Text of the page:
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Potting up question Empty Potting up question

Post  kamigh on 2/12/2015, 12:00 am

Soooo . . . someone who shall remain nameless may have gotten a little excited this year and has a bunch of seedlings that already need to be potted up Embarassed (last frost date is March 18, not planning on setting them out until at least April, so they are still going to be inside a while!) The seeds were started in 3/4" soil blocks and moved to 2" soil blocks, but some are getting kind of leggy, even though they are under lights that are within inches of them.  I know that it is best to bury tomato stems fairly deep to promote better root development; does the same hold true for peppers and/or eggplants?????
Thanks! 
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Post  walshevak on 2/12/2015, 12:15 am

Not as much, but a little deeper doesn't hurt.  Red Solo cups filled with MM is a good choice.  I've had tomatoes and peppers blooming in them.  Pinching the top few leaves of peppers and eggplants will also also encourage a bushy plant.

Kay

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Post  sanderson on 2/12/2015, 1:51 am

So, Nameless, this is a good question for those, like your "friend," who grow peppers and eggplants as well as tomatoes a little bit too early! Very Happy Last summer, I tried what Kay suggests, pinching off the top of the peppers and eggplants.

http://www.tomatoville.com/showthread.php?t=31657

One idea I got from someone on the forum, is to take an empty container like the one the plant is currently growing in. Fill the new larger container, like a solo cup, with mix up to and around the empty container. Remove the empty container. That way you will have a pre-made shape to set the plant and its soil in.

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Post  plantoid on 2/12/2015, 8:05 am

If it is frost free in the day take & you have time , why not  take the plants out for a breather in real air & day light. The coolness will knock the growth back , allow a bit slower grow rate , the plants will become a lot more sturdy & hopefully you'll soon have decent weather to plant them outside . I guess you could hand back on the watering a tad as well to slow things down but don't go bezerk & turn the pots in to mini deserts thus killing them .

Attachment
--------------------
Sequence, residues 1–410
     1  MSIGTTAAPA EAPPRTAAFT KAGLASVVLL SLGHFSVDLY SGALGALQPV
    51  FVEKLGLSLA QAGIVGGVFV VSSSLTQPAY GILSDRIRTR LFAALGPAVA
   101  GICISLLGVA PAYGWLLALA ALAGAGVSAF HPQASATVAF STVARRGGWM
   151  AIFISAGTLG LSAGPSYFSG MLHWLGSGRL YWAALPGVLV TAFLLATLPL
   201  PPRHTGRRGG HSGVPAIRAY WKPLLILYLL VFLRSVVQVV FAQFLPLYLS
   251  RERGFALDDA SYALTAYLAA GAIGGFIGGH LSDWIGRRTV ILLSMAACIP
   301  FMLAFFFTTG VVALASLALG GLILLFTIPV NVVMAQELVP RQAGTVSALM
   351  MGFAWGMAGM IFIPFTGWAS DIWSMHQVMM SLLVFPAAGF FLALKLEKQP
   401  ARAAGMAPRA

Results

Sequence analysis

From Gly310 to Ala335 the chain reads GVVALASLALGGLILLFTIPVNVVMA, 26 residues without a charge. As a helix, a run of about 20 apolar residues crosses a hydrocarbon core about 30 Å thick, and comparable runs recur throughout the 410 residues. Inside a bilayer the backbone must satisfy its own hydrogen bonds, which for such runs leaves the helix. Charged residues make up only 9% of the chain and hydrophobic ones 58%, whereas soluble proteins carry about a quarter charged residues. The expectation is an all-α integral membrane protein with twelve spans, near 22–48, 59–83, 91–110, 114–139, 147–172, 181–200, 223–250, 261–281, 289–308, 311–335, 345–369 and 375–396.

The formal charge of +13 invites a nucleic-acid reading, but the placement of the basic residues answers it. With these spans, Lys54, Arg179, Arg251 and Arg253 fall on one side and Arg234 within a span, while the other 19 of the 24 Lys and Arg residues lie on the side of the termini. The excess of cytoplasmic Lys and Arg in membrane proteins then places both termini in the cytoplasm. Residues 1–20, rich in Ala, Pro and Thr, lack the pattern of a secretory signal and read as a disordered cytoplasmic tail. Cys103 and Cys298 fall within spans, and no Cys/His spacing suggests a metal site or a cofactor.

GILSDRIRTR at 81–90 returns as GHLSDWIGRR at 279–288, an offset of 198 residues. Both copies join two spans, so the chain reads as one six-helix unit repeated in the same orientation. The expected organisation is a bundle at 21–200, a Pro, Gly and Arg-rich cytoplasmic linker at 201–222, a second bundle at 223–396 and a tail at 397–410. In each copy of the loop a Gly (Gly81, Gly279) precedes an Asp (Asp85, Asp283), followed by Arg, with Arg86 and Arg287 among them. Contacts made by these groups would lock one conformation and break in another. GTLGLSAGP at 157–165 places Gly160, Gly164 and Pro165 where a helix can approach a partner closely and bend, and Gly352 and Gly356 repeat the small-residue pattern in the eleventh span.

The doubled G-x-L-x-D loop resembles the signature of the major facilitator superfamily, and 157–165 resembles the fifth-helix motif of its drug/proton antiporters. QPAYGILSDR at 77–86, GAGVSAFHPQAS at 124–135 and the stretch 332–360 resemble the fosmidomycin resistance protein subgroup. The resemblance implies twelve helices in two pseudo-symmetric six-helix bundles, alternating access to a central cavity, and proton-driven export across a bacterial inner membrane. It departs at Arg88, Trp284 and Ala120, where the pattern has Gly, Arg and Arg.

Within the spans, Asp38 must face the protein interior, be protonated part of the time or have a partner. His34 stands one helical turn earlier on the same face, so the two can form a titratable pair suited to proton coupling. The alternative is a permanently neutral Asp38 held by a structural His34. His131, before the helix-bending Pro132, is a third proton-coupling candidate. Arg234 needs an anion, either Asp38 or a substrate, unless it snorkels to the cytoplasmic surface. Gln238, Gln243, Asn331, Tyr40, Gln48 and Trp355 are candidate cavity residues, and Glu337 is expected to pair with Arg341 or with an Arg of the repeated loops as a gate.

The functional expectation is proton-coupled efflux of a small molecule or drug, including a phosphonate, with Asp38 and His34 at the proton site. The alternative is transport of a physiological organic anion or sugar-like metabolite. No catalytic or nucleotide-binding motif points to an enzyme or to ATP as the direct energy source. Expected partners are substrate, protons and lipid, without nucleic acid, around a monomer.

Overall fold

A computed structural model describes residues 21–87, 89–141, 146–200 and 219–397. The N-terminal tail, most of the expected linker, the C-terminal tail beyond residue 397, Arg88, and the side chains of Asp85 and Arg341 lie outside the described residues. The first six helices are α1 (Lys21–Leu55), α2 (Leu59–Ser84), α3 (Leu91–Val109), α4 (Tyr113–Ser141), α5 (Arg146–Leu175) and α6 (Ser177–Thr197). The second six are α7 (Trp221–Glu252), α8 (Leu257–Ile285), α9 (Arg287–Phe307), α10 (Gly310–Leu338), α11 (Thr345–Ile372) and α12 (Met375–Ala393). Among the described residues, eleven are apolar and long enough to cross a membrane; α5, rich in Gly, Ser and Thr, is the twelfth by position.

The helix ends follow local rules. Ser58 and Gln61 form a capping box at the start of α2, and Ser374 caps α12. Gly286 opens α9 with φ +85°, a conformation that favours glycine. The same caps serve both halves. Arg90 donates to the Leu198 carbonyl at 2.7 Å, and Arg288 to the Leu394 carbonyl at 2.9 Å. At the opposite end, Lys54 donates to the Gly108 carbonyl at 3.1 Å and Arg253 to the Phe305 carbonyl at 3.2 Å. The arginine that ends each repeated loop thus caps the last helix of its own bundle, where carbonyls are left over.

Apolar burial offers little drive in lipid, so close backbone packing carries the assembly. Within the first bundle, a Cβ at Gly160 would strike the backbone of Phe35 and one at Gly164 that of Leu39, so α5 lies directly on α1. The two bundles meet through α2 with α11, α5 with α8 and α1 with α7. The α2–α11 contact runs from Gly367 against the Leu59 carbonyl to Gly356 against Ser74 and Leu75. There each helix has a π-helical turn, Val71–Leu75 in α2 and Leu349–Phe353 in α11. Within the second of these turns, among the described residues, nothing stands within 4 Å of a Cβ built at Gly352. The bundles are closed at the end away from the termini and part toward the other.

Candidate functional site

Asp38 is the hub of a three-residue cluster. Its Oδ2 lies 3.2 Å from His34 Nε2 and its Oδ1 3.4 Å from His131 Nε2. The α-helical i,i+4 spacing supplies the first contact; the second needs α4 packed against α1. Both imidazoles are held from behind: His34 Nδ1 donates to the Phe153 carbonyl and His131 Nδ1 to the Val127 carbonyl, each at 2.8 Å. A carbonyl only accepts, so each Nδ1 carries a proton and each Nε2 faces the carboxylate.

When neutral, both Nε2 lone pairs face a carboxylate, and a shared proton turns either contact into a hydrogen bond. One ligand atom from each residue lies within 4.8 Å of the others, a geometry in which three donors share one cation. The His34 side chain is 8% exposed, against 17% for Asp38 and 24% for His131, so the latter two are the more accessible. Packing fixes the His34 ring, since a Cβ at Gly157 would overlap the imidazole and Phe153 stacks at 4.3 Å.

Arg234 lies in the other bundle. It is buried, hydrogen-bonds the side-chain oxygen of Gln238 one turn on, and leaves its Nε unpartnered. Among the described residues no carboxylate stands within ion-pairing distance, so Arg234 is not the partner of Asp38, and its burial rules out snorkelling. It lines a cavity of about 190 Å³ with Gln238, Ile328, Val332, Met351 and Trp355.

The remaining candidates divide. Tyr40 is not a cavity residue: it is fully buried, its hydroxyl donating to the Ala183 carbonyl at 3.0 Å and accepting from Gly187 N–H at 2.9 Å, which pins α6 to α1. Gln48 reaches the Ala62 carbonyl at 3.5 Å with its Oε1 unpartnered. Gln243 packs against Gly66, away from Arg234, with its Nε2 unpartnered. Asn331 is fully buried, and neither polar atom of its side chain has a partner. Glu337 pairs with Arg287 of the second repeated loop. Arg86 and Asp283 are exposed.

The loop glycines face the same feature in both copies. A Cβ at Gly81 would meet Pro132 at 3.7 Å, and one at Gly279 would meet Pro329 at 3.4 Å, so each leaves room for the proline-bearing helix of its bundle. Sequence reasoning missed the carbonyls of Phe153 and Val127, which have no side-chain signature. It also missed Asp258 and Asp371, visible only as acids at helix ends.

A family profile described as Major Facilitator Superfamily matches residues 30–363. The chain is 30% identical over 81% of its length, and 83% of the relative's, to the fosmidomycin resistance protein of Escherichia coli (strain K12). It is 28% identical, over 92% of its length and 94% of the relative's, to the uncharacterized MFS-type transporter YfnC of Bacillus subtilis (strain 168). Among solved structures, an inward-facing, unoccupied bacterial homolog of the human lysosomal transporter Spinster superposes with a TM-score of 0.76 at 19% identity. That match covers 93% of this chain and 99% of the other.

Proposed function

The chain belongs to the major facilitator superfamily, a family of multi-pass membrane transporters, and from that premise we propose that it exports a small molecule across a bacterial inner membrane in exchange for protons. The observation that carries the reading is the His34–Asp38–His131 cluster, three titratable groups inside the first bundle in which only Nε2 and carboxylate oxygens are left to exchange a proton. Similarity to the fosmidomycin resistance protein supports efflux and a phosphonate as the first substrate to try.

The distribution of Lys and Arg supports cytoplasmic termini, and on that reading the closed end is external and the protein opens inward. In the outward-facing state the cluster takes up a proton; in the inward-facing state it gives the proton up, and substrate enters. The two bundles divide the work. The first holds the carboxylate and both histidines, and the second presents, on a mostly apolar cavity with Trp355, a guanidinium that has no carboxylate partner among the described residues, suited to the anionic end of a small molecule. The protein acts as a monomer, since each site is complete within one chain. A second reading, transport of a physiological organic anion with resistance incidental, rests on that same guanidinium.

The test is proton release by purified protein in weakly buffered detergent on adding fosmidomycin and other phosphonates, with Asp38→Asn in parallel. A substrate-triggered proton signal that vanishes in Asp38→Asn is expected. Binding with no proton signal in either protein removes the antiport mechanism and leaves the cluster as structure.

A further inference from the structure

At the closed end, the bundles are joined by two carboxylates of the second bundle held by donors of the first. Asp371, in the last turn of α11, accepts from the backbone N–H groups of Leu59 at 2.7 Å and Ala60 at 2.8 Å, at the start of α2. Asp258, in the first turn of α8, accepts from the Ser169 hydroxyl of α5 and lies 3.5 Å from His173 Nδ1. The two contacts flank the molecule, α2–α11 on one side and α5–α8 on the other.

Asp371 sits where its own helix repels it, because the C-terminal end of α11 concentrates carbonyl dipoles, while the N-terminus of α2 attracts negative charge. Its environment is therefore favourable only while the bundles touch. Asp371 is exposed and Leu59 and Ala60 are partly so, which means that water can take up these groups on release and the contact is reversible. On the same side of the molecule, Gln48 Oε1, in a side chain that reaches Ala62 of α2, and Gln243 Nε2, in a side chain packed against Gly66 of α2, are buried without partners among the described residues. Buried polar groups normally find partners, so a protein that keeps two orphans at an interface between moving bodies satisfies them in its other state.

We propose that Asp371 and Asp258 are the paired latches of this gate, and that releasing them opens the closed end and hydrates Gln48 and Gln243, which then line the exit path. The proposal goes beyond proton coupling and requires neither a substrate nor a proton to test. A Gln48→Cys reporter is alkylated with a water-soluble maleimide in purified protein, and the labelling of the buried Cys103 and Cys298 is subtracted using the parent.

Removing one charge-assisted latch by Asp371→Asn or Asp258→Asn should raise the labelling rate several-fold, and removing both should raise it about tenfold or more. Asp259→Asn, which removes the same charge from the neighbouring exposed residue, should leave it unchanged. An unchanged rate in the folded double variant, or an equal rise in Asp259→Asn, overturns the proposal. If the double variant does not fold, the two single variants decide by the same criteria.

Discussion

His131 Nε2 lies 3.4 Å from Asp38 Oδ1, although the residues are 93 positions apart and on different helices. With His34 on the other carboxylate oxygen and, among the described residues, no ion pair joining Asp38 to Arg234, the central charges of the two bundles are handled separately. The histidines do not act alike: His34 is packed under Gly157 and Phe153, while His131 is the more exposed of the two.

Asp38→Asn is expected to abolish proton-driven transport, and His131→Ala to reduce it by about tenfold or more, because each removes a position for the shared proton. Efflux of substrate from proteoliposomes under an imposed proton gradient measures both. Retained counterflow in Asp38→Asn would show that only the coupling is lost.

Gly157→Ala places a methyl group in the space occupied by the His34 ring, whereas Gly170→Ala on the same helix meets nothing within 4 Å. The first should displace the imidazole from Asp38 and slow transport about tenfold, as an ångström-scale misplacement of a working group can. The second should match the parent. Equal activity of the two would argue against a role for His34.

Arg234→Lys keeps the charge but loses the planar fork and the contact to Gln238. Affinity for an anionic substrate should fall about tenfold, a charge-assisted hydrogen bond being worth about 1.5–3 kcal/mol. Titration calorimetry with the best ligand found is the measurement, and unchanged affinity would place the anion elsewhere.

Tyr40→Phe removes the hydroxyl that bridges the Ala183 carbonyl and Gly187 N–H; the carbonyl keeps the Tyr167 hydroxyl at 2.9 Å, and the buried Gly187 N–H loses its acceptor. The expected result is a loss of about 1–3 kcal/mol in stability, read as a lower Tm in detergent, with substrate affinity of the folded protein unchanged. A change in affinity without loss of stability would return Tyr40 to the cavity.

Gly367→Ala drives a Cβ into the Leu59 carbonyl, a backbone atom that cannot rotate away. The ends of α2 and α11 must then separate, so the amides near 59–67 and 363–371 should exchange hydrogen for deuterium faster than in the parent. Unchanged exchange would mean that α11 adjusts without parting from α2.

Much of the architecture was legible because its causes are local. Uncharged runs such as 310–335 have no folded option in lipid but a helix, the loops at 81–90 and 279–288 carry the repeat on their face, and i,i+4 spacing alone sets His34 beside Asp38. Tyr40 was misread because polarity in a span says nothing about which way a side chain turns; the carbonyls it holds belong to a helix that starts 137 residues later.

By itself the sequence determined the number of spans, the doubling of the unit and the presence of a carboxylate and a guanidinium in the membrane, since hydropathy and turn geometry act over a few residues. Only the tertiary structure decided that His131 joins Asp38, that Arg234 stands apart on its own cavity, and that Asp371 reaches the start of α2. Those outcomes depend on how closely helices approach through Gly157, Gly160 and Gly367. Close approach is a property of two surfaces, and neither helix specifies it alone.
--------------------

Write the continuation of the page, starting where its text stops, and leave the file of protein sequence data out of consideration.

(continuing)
Take them in at night , don't bother with the light or extra heat , again put them out in the morning if it's frost free .

This process is often called " Hardening them up for transplanting out doors " .
If it's not too cool you can also plant lots of tender plants outside and cover then with a fleece membrane from just before sun down to just after sun rise ..the heat of the ground gets trapped under the fleece so if you were to put a few plastic bottles full of water or sand under the fleece you could lift the fleece and make a temporary shelter for the tender plants . You might have to weigh down the edges of the fleece or peg them down to make the protective envelope a lot more effective .
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Post  GloriaG on 2/13/2015, 12:44 am

Hi Karla,

In our area, tomato seedlings generally go into the garden toward the end of February or first week of March.  They just have to be protected from extreme temperature drops at night.  Peppers and eggplants a little later because they're more tender.

There are a few reasons seedlings become too tall or "leggy", the main two are - not enough light, which you seem to have under control or not enough nutrition.